• Very weird show. So glad you came out better than relatively okay, John! For some reason I have felt a kindred spirit with you and now I’m starting to see why. I was a COMPLETELY late bloomer in everything, too. I ended up accomplishing more than I ever would have expected but it all started way later than it did for most people. I graduated college at about 28. I didn’t get married for the first time until the year I was to turn 40. I have some form of dyslexia and some things take me forever to learn or sort through. I think I was 43 before I understood east, west, north, south. Just imagine a map of the U.S. I said to myself one day….north is up, east coast is to the right and west coast is to the left. A life changer. I thought Chic-Fil-A was called Chic-A-Fil and couldn’t figure out for years why anyone would name a fast food place such a stupid name. So, there you have it, brother.

      Liked by 2 people

      • Oh man. I can relate to a lot of that. I have the same kind of issues with direction and what saved me was going to a strange city, buying a map, study the map, and make my way to destinations throughout the city. I see and write numbers backwards. So I have to be careful when paying the bills. I failed grade 3. It took me a long time to learn to write and read. But holy shit, once I learned to read I had the most amazing ability to remember and retain. Almost page for page everything I read and that is what saved me. But so many things I had to figure out on my own made for a late start. But I’m here now and I’m just glad I lived long enough to have the wonderful life I have now.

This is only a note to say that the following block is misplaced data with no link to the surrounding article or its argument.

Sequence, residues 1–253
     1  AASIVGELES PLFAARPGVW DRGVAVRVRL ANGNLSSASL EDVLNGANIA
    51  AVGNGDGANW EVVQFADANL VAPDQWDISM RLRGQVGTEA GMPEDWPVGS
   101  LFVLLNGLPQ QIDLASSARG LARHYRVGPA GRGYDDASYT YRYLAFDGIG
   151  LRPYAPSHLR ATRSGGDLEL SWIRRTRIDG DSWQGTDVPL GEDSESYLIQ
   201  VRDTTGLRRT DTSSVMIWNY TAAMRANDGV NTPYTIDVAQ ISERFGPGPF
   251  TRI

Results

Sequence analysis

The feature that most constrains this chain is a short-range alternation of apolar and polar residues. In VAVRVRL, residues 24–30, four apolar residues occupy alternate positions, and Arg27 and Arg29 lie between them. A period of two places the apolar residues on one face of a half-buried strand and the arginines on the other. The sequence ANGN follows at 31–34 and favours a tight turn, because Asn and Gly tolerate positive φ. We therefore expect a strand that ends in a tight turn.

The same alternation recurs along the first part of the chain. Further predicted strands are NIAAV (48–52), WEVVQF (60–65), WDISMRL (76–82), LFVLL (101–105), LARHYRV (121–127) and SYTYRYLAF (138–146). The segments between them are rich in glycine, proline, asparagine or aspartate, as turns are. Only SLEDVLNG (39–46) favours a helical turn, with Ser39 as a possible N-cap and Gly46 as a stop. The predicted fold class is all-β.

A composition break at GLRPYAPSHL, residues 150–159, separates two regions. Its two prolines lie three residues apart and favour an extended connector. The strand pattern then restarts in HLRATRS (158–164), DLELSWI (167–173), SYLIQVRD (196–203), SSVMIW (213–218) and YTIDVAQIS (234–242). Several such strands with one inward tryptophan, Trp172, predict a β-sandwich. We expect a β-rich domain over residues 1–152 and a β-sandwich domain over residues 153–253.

Liked by 2 people

        • That is AWESOME!
          Sorry you flunked the third grade. That must have been devastating. It sounds like you are dyslexic! What happens is that you start out really slow in learning something but once you get it, you are kinda brilliant. At least that’s how it’s been for me and by what you describe about yourself, it sounds the same. I NEVER learned the multiplication tables. I could NOT do it. BUT, I learn to put my hands under my desk and use my fingers VERY quickly as an abacus (sp?) to come up with the answer. I understand that now kids are being taught to use their fingers that way when they need to! So, we both worked around our weaknesses and made it happen anyway. Human resilence is unbelievable.

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  2. Ann

    Life is weird and crazy and changing every day. I love that you are so able to express how you feel. And be so on target. Happy Anniversary to you and Steve! Hope it was a great day.

    Liked by 1 person

  3. David

    What a great essay on a topic that hits home to all of us. I experience many of the same feelings about youth and aging, as I just hit retirement. My 30s were my best decade, but now is good in many different ways. Thanks for articulating these common feelings and Happy Anniversary ….David

    Liked by 1 person

  4. I find myself staying awake longer at night worrying if I am going to die before I truly live…sunsets, good red wine, dog smiles, classic movies, I appreciate simplicity anymore. Ants, not so much unless they are outside. However I did have to laugh at myself over the weekend as I spent a good 5 minutes trying to corner a spider to take outside. Every since Mr. Buddha taught me that it was my mother in another life, I just can’t bring myself to squash her anymore…i guess that IS progress…maybe at 56 I really am maturing!

    Liked by 1 person

  5. Haha. Loved this comment Kathy. I sometimes wonder if I’m truly living. I also do not marvel at ants in my house, only outside. HAHAHAHAHAHA. I have a spider rescue kit (a firm but thin piece of cardboard and a plastic cup) always at the ready to save insects and free them outside.